Education news

Union warns more children set to miss out on first choice primary school this year

UTU General Secretary Avril Hall Callaghan

TEACHERS are warning that more children will miss out on their first choice primary schools this year.

With just days left until the admissions deadline, the Ulster Teachers' Union (UTU) said staff are "braced for mounting frustration among parents".

There are concerns that with a higher number of children seeking places this year, due to an increase in the birth rate, it may be harder to get into some schools.

The UTU described this year's application process as a "scramble".

The Education Authority (EA) has repeatedly reminded people that places are not allocated on a first come, first served basis.

Schools and play groups will only consider applications after the closing date of January 31.

A series of admission clinics have been held to help parents "overcome barriers" presented by a new online system.

Thousands applied for places on the first day - with a "small number" experiencing difficulties.

UTU general secretary Avril Hall Callaghan said "parents' fears are mounting that they won't be able to get their children into the school of their first choice at all".

"In the past number of years we have already seen some areas where there just aren't enough local school places and as the birth rate rises this is going to become an increasing problem," she said.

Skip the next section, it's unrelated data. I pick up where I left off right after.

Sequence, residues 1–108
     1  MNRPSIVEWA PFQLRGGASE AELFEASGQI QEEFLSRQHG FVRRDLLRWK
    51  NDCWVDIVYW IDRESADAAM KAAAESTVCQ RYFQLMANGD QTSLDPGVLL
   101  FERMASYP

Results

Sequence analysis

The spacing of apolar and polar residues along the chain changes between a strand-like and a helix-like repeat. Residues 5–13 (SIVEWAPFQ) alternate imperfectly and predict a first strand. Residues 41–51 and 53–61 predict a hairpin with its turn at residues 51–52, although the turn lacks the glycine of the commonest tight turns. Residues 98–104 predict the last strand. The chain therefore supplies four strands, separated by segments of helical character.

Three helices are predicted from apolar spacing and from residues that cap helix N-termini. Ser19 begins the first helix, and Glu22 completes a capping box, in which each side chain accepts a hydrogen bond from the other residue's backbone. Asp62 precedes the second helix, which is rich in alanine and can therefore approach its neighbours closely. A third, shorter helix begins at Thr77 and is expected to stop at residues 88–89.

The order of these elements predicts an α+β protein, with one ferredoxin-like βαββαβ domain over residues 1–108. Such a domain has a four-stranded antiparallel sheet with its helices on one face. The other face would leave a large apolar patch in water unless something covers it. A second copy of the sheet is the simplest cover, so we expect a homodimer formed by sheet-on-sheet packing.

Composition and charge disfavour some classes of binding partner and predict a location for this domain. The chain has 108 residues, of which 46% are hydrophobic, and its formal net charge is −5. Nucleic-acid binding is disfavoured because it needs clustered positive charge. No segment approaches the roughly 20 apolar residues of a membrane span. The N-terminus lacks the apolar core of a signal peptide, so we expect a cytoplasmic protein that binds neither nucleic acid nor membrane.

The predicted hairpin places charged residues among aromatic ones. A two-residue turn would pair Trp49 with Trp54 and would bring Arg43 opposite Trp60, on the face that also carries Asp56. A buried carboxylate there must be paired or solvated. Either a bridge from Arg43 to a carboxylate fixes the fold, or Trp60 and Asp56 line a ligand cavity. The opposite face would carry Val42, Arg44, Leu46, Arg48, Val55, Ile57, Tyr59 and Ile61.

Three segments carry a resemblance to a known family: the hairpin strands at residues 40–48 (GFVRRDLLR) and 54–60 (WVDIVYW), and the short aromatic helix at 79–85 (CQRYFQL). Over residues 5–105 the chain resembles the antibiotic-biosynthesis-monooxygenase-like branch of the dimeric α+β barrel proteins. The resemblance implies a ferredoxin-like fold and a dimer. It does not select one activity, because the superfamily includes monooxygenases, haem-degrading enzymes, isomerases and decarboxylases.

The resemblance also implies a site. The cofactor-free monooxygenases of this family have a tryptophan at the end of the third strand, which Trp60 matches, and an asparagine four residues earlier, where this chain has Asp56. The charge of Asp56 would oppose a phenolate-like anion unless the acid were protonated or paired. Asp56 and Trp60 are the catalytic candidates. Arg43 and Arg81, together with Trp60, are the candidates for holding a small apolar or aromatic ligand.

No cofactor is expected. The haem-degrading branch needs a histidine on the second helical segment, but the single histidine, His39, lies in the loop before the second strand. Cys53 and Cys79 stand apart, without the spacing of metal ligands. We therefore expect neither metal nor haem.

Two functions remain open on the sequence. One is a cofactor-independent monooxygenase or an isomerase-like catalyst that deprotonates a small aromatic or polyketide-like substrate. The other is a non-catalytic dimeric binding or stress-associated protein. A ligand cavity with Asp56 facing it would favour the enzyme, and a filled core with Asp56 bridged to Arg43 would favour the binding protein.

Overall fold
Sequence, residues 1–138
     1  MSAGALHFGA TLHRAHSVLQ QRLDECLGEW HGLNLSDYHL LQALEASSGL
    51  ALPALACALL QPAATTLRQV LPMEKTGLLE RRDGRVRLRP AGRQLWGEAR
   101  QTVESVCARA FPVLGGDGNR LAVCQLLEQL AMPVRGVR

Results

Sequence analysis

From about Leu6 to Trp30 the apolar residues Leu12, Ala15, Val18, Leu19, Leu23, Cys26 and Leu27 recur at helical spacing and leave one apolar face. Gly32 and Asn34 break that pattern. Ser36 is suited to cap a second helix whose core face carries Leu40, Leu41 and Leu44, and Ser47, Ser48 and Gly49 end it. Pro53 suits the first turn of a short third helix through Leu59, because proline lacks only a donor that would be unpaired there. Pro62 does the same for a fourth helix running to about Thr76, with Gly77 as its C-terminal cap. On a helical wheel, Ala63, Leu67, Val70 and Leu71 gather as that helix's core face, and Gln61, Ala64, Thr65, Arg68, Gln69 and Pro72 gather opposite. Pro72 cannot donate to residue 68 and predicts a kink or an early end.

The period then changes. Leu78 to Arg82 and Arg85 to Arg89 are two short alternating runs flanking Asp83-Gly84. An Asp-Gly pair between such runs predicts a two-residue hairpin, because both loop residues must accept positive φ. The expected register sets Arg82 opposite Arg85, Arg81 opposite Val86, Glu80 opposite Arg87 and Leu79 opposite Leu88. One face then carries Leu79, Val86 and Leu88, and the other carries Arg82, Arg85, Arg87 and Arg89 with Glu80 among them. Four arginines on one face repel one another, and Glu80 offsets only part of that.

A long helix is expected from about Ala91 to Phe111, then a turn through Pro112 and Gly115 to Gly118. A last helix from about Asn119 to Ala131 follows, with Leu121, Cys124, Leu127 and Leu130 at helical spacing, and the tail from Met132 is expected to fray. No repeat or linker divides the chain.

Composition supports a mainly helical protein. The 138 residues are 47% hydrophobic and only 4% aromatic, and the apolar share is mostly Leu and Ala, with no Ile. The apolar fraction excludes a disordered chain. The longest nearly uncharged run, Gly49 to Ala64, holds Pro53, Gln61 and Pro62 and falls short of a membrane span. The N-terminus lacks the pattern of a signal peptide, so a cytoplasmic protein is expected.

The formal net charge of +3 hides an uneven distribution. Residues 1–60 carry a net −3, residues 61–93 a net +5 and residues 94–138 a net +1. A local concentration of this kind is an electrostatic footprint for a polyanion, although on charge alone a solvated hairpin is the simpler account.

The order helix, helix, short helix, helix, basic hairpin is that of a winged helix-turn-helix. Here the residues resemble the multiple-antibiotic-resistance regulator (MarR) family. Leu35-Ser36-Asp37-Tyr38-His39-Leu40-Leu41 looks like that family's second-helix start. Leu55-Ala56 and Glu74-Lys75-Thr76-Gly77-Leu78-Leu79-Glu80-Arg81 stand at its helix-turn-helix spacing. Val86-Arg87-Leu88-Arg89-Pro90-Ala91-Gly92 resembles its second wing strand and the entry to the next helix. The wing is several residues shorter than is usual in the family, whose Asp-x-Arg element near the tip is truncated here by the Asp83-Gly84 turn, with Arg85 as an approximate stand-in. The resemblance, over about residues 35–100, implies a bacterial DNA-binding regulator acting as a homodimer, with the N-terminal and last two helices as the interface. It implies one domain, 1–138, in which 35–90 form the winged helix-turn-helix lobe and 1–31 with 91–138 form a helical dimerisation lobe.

"Just a couple of weeks ago new figures from the Department of Education showed a growth in primary school enrolments of around 3,000 last year. This isn't a surprise. We have all seen the spike in pupil numbers coming since the birth rate went up a few years ago.

"However, it is the children's misfortune that they're entering the system at the most precarious time in the history of education in a generation as it teeters on near bankruptcy. Without adequate resources to provide the education our children deserve now, how will schools deliver that to 3,000 more?"

Ms Hall Callaghan said children would have to travel further if their local schools could not accommodate growing numbers.

"Fewer children will get into the schools they want and potentially face longer journeys to get to a school, with all the added expense for families and the EA which that will bring," she said.

"It is a generation of children who will face the fall-out of the present political inertia."

Parents will be advised of the outcome of their applications in May.

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